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What does a murder, car crash, house fire and collapse all have in common?


Story at Owen Sound Sun TImes

Someone has to respond.

First responders witness the horrors of life every single day; the things that common people don’t even want to hear about on the news. You can justify that they get paid well, have great benefits, or don’t work enough, but what they also take home are nightmares, guilt, and depression.

First responders are largely ignored when these horrors get too much. Mental health issues are taboo enough in the general public; they are completely unspoken demons in the realm of emergency services.

One of my crew brought this initiative to my attention. It has been featured on the other social networks, but not a word on Google+. I’m going to try and change that.

There have been 24 known first responder suicides in the last six months in Canada. Police, Firefighters, Paramedics, Search and Rescue, and many volunteer support agencies are all affected and this needs to change. Insurance companies do not recognize clearly diagnosed conditions as essential, and too often find a way not to assist the people affected. The public looks away from a uniformed professional that is obviously overwhelmed. The services don’t want to admit that there are weaklings on their staff. The stigma is everywhere. Can we stop it?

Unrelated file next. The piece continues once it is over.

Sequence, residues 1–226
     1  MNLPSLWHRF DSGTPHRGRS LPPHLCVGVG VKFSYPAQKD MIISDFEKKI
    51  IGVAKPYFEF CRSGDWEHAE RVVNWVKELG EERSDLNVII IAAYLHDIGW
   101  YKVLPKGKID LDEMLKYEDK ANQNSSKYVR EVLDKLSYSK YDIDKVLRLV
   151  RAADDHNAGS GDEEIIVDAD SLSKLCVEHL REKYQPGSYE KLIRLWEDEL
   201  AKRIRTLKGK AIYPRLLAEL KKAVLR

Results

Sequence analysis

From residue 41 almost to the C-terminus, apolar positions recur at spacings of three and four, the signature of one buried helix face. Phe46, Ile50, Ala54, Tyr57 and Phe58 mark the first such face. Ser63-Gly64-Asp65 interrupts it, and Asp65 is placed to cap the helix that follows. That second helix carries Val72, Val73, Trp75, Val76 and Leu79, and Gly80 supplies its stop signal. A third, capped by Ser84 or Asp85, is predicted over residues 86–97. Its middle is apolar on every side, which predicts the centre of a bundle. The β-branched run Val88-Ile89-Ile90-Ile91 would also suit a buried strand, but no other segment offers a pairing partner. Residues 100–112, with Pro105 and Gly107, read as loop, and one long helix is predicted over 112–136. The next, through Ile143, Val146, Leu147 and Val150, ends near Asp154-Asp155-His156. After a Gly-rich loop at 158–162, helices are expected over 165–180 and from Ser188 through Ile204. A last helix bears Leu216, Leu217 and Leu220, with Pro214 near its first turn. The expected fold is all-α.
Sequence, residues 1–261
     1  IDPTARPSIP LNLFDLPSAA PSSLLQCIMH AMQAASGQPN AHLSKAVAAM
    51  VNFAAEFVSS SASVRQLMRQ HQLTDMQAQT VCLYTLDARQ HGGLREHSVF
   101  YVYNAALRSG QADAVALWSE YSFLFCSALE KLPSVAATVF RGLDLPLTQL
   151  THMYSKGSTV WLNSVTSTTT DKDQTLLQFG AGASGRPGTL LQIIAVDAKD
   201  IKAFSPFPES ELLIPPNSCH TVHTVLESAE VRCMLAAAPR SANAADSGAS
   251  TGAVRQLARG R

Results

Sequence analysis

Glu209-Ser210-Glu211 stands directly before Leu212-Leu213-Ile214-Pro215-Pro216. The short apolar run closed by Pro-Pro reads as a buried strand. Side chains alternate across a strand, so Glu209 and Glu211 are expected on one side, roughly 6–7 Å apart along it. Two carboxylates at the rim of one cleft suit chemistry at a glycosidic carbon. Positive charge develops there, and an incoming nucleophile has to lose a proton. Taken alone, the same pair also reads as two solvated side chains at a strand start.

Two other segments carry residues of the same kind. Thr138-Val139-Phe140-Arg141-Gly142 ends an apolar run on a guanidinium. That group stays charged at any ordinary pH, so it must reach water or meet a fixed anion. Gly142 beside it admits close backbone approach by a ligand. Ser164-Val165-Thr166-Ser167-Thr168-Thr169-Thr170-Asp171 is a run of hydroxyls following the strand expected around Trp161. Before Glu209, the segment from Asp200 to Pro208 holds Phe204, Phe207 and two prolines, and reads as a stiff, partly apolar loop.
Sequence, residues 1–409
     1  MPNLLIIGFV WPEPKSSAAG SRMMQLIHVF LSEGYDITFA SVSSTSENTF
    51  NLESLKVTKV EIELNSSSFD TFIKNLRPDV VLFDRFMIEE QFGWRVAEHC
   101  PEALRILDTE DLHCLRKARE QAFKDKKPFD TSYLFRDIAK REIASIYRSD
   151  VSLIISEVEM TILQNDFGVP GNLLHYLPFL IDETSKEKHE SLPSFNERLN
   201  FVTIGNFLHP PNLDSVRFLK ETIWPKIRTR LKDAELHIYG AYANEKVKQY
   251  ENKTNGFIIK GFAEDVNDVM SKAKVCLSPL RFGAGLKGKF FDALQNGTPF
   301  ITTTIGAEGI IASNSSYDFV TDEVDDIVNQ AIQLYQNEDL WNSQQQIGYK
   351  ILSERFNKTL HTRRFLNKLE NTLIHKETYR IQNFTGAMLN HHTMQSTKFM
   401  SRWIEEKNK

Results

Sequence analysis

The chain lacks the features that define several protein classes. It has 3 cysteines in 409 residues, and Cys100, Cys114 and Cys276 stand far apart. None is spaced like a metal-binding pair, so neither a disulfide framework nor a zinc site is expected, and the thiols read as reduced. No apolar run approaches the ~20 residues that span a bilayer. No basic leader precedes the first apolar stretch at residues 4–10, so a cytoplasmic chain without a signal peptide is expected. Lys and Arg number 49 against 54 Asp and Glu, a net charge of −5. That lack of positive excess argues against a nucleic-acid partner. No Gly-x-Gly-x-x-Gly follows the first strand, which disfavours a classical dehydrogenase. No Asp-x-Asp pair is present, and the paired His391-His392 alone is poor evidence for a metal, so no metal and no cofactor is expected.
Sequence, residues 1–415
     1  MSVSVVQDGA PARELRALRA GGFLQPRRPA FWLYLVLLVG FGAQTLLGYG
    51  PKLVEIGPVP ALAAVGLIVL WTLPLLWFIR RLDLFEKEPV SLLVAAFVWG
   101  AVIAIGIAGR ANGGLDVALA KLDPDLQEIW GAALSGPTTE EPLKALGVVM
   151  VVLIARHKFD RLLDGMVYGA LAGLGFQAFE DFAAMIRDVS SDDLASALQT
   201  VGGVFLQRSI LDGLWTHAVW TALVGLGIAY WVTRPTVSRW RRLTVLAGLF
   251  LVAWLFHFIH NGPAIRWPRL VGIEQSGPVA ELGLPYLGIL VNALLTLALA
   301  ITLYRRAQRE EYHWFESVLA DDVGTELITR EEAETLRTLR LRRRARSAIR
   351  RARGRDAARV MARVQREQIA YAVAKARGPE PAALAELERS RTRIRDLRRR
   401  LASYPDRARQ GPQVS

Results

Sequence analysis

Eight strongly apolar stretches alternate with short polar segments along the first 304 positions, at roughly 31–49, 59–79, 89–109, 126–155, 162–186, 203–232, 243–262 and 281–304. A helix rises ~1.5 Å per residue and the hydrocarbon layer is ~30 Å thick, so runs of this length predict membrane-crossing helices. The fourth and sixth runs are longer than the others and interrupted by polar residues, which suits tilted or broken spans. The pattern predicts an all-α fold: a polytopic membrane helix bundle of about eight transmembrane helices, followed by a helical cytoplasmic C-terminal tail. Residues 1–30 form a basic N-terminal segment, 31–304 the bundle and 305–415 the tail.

Burn Out
Post Traumatic Stress Disorder

Do you support the men and women that suit up to face what the public doesn’t want to see?

(This is not just a Canada issue. If emergency services don’t support each other, who will?)

Social Ponders

One Comments to “What does a murder, car crash, house fire and collapse all have in common?”

  1. I completely agree that we need to support each other. As a recent paramedic graduate I know several people that are affected by calls and some that have PTSD as a result. unfortunately today we learned of a 25th first responder suicide with the suicide of an Ontario Police Officer. It was also released today from a survey done by the Paramedic Association of Canada that Approximately 27% of Canadian paramedics that have responded have considered suicide. Supporting each other is a good start and campaigns like this are a good way to let others know we are there for each other and hopefully ensure politicians realize these issues need attention now.

    I also think it is great that you are trying to move the initiative to Google+ as well 🙂

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